The Southwest Airlines aircraft, which was flying from NY to Dallas and had 149 passengers on board, was forced to make an emergency landing in Philadelphia on Tuesday.
Jennifer Riordan, a 43-year old bank executive and mother of two from New Mexico, died in the Tuesday incident after she was partially sucked out of the plane when a window blew out.
A NTSB inspection crew was also combing over the Boeing 737-700 for signs of what caused the engine to explode.
Friday's announcement came shortly after the engine manufacturer, CFM International, issued a service bulletin recommending the CFM56-7B engine be inspected more frequently.
Engine maker CFM, a joint venture between General Electric and Safran, issued a service bulletin recommending stepped-up checks because the fan blades on the engine that failed on Tuesday would not have been covered for immediate inspections under the previous standards.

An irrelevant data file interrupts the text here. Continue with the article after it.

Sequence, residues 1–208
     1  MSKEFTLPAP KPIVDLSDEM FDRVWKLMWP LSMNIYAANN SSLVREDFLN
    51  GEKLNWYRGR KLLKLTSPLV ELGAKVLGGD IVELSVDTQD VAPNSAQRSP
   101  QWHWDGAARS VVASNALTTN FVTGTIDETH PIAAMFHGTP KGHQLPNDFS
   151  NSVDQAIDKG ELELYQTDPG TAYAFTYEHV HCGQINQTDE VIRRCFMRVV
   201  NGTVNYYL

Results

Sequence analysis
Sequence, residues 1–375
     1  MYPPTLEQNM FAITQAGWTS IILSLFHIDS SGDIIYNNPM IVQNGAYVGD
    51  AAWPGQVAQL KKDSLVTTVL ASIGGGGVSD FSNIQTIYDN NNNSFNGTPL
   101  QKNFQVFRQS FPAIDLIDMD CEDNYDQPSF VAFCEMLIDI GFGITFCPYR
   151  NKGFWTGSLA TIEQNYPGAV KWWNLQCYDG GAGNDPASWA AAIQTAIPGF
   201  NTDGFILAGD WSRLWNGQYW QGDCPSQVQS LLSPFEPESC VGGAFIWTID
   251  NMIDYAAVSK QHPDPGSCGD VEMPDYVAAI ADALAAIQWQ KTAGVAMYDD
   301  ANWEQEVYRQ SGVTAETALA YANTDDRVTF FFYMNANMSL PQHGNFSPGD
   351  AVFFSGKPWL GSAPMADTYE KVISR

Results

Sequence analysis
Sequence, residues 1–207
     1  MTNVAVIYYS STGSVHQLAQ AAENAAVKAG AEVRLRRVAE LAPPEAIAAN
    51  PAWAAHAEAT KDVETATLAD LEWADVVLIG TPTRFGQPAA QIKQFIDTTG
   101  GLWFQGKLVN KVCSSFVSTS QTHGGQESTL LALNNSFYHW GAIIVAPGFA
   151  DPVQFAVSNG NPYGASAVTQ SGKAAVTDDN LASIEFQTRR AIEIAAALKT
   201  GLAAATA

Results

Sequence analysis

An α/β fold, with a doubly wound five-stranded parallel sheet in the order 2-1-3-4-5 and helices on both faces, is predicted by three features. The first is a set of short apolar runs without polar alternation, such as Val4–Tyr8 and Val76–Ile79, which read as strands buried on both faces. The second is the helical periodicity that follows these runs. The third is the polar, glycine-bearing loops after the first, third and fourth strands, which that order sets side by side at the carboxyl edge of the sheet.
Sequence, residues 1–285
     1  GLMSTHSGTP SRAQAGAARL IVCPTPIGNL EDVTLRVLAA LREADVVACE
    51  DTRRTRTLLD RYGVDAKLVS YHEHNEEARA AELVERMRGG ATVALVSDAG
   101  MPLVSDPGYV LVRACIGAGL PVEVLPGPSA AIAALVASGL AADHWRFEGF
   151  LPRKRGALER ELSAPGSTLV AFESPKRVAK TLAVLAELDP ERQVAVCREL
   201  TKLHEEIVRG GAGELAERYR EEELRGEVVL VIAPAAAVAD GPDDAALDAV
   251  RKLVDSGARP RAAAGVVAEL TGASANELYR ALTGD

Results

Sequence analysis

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A similar accident on a Southwest flight in August 2016 forced a plane, equipped with the same engine, to make an emergency landing. Fellow passengers pulled the woman back in and attempted to revive her.
The emergency airworthiness directive will require airlines to perform an ultrasonic inspection of certain CFM56-7B engines within 20 days of receipt of the order, it said. On Tuesday, debris broke through one of cabin windows, and one passenger died as a result. It was the first death in a USA commercial aviation accident since 2009. The metal fatigue would not have been observable by looking at the engine from the outside, Sumwalt said.
Riordan died Tuesday after plane's engine exploded, sending shrapnel through a window. The directive stipulates that these inspections must be completed within the next 20 days. It was the second time this kind of engine had failed on a Southwest jet in the past two years, prompting airlines around the world to step up inspections.
The Dallas-based airline agreed with that timeline, but CFM International said it should only take 12 months.